The Rules of 100 Sports Clearly Explained in Short Videos: Baseball, Football, Jai Alai, Sumo Wrestling, Cricket, Pétanque & Much More

When you get down to it, every sport is its rules. This leaves aside great his­tor­i­cal weight and cul­tur­al asso­ci­a­tions, grant­ed, but if you don’t know a sport’s rules, not only can you not play it, you can’t appre­ci­ate it (the many child­hood after­noons I thrilled to tele­vised 49ers games with­out hav­ing any idea what was hap­pen­ing on the field notwith­stand­ing). What’s worse, you can’t dis­cuss it. “There is a shared knowl­edge of sports in Amer­i­ca that is unlike our shared knowl­edge of any­thing else,” as Chuck Kloster­man once put it. “When­ev­er I have to hang out with some­one I’ve nev­er met before, I always find myself secret­ly think­ing, ‘I hope this dude knows about sports. I hope this dude knows about sports. I hope this dude knows about sports.’ ”

Kloster­man is a cul­tur­al crit­ic, a posi­tion not at odds with his sports fanati­cism, and he sure­ly knows that his obser­va­tion holds well beyond the U.S.: just con­sid­er how deeply so much of the world is invest­ed in foot­ball. Despite its rel­a­tive sim­plic­i­ty, many Amer­i­cans nev­er quite grasped the work­ings of what we call soc­cer. But thanks to a Youtu­ber called Ninh Ly, we can learn in just over four min­utes.

Ly’s expla­na­tion of asso­ci­a­tion football/soccer is just one of near­ly 100 such videos on his chan­nel, each of which clear­ly and con­cise­ly lays out the rules of a dif­fer­ent sport. An Amer­i­can who watch­es it imme­di­ate­ly becomes not just able to under­stand a game, but pre­pared to engage with the cul­tures of foot­ball-enthu­si­ast coun­tries from Mex­i­co to Malaysia, Turkey to Thai­land.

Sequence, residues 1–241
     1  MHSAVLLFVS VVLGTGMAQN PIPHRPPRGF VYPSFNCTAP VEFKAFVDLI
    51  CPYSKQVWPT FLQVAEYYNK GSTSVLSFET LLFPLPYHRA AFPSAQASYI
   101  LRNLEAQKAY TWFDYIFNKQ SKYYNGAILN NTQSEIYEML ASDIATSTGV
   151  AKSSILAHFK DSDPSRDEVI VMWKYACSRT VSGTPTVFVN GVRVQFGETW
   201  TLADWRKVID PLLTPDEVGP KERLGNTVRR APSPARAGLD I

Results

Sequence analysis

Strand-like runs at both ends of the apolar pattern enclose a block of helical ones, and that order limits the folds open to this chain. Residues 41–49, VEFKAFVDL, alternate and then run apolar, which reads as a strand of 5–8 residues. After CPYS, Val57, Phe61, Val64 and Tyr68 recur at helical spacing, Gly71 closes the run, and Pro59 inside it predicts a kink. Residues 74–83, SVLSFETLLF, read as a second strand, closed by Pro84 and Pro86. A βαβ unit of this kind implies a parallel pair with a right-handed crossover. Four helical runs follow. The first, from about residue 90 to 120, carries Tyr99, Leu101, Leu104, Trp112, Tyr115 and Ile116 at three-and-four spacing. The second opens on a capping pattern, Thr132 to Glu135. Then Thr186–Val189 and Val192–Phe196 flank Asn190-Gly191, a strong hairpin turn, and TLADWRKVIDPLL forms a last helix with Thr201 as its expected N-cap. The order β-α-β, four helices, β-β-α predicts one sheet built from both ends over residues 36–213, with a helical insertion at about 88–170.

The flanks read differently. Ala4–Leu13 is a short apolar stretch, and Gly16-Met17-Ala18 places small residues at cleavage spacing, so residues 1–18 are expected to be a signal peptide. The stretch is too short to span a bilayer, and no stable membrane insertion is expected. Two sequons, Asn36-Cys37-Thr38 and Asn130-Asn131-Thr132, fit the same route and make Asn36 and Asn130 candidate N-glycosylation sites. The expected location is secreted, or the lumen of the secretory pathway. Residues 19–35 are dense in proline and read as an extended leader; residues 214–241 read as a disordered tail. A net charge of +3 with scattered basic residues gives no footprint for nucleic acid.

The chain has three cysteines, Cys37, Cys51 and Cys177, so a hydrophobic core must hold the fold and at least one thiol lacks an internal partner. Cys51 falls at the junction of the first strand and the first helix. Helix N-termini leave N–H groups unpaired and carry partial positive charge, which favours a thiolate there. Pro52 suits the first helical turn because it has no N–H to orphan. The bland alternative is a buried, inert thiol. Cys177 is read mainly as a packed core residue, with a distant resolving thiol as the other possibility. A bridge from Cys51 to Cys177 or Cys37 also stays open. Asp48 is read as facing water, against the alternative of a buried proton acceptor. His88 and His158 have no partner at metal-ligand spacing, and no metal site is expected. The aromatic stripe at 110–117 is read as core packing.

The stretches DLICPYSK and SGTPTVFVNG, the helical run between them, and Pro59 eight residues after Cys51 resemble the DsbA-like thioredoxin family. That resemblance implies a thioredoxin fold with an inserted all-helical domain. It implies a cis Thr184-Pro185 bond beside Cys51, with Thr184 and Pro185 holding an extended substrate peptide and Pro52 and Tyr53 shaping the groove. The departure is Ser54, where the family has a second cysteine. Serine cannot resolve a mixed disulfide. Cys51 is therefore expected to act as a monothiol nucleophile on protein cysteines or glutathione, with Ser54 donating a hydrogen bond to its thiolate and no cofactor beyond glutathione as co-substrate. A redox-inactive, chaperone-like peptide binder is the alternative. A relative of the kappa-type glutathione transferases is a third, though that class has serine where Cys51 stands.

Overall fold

Though British, Ly just as cogent­ly explains sports from the Unit­ed States, even the rel­a­tive­ly com­pli­cat­ed ones: bas­ket­ball, for instance, or what most of the world calls Amer­i­can foot­ball (as well as its are­na, Cana­di­an, and twice-failed XFL vari­ants), a game whose devot­ed fans include no less acclaimed-in-Europe an Amer­i­can nov­el­ist than than Paul Auster. Pre­vi­ous­ly on Open Cul­ture, we fea­tured Auster’s cor­re­spon­dence with J.M. Coet­zee on the sub­ject of sports, where­in the for­mer probes his own enthu­si­asm for foot­ball, and the lat­ter his own enthu­si­asm for crick­et. “If I look into my own heart and ask why, in the twi­light of my days, I am still — some­times — pre­pared to spend hours watch­ing crick­et on tele­vi­sion,” writes Coet­zee, “I must report that, how­ev­er absurd­ly, how­ev­er wist­ful­ly, I con­tin­ue to look out for moments of hero­ism, moments of nobil­i­ty.”

Any­one can enjoy such moments when and where they come, but only if they know the rules of crick­et in the first place. Ly has, of course, made a crick­et explain­er, which in four min­utes ful­ly elu­ci­dates a sport as obscure to some as it is beloved of oth­ers. He’s also cov­ered much more spe­cial­ized sports, includ­ing fenc­ing, curl­ing, pick­le­ball, jai alai, axe throw­ing, and sumo wrestling. (Unable to “ignore the over­whelm­ing demand,” he’s even explained the rules of quid­ditch, a game adapt­ed from the Har­ry Pot­ter books.) After a cou­ple of hours with his playlist (embed­ded below), you’ll come away ready to ascend to a new plane of appre­ci­a­tion for sports­man­ship in all its var­i­ous man­i­fes­ta­tions. If you’re any­thing like me, you’ll then revis­it your ear­li­est edu­ca­tion in these sub­jects: Sports Car­toons.

Relat­ed Con­tent:

Jack Ker­ouac Was a Secret, Obses­sive Fan of Fan­ta­sy Base­ball

Albert Camus’ Lessons Learned from Play­ing Goalie: “What I Know Most Sure­ly about Moral­i­ty and Oblig­a­tions, I Owe to Foot­ball”

Mon­ty Python’s Philosopher’s Foot­ball Match: The Epic Show­down Between the Greeks & Ger­mans (1972)

Read and Hear Famous Writ­ers (and Arm­chair Sports­men) J.M. Coet­zee and Paul Auster’s Cor­re­spon­dence

Jorge Luis Borges: “Soc­cer is Pop­u­lar Because Stu­pid­i­ty is Pop­u­lar”

The Weird World of Vin­tage Sports

Based in Seoul, Col­in Mar­shall writes and broad­casts on cities, lan­guage, and cul­ture. His projects include the Sub­stack newslet­ter Books on Cities, the book The State­less City: a Walk through 21st-Cen­tu­ry Los Ange­les and the video series The City in Cin­e­ma. Fol­low him on Twit­ter at @colinmarshall or on Face­book.

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